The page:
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(The audience roars into applause)

Bondage Lead Speaker: I’m here to support the motion that Nigerian leaders should and must be subjected to psychiatric tests. Permit me, Mr Chairman, sir, to open my speech with these two Bible quotes: Proverbs 14:34: “Righteousness exalteth a nation: but sin is a reproach to any people”; and Romans 6:1: “What shall we say then? Shall we continue in sin and expect grace to abound?” These Bible quotations sum up the story of Nigeria, a country, where wickedness and injustice rule. It’s a country where the Economic and Financial Crimes Commission prosecutes and secures the conviction of a Nollywood actor, Oluwadarasimi Omoseyin, for ‘spraying’ the naira while the same EFCC looks the other way when Fuji musician, Alhaji Wasiu Ayinde, and one undignifying monarch, the Olu of Owode, Oba Kolawole Sowemimo, engaged in criminal abuse of the naira. I must commend the Egba Traditional Council for suspending Sowemimo over his disgraceful act. He should be sent back to ipebi for proper tutoring. I don’t know how some characters become obas in Yoruba land.

(Deafening applause. Kilimanjaro, Acapela and many people listening to the debate in the garage jump up in jubilation)

Bondage Lead Speaker: Mr Chairman, sir, Nigeria is a country of promise-and-fail leaders. President Olusegun Obasanjo set up the Oputa panel to try the wrongs of the past, but General Badamosi Babangida, who was accused of many wrongdoings blatantly refused to show up, and nothing happened. Babangida never appeared in court despite incriminating allegations over the death of Dele Giwa. Those who killed MKO Abiola and his wife, Kudirat Abiola, are walking freely today. One of them, a Major, is even pontificating all over the country.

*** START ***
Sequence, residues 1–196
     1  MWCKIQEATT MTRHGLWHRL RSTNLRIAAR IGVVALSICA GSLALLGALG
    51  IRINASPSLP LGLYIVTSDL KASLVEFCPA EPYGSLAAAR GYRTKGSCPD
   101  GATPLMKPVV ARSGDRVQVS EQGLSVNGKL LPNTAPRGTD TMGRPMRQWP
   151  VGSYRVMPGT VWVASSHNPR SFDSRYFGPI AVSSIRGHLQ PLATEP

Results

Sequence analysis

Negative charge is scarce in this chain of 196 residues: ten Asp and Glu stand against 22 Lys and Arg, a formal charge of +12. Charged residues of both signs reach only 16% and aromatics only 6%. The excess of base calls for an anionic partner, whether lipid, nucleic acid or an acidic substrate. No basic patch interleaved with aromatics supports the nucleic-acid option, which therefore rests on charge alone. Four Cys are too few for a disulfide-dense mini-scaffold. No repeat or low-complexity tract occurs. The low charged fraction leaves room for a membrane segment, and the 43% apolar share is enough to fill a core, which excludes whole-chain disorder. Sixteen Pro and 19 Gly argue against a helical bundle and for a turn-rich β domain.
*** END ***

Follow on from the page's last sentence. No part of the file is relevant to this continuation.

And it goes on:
(Kilimanjaro grabs a chair, puts it on his head and dances, shouting, “More! More! More!)

Bondage Lead Speaker: The Presidency, police, ICPC, rights activists, Nigeria Security and Civil Defence Corps, etc see how people abuse the naira daily, yet they look away. Nigeria looks away as public hospitals have turned into morgues, public schools have become havens for hoodlums, roads have turned into deathtraps, electricity supply has turned to darkness supply! If a country can so brazenly exhibit injustice and brutality, tell me why its elected leaders shouldn’t undergo psychiatric tests. Please, tell me why.

(Shouts of ‘Tell them!’ ‘Tell them!’ Tell them! from the audience fill the hall)

Mr Chairman: (Hits his gavel on the table) Order! Order! Order! (The hall becomes less rambunctious)

Bondage Lead Speaker: (Wipes his face with a handkerchief and sips some water) General Muhammadu Buhari promised to jail the looters in the President Goodluck Jonathan administration. Who did he jail? Were we all not in this country when Patience Jonathan sought a plea bargain? Were we not all in this country when Buhari and his cabal brought in a fake airline as a national carrier, spending millions of dollars on the fake airline? Can someone tell me why our leaders shouldn’t be subjected to psychiatric evaluation? President Tinubu has been in the saddle for almost a year, chasing shadows, haunting the worst Central Bank Governor in the history of the country, Godwin Emefiele, but conspicuously leaving out Buhari, whose bidding Emefiele did. Can someone tell me why our…

Kilimanjaro: Ha!!! NEPA!!! Dem don cut light for studio o! Dem don become uncomfortable o. Haa! Naija and government magic…

Email: tundeodes2003@yahoo.com

Facebook: @Tunde Odesola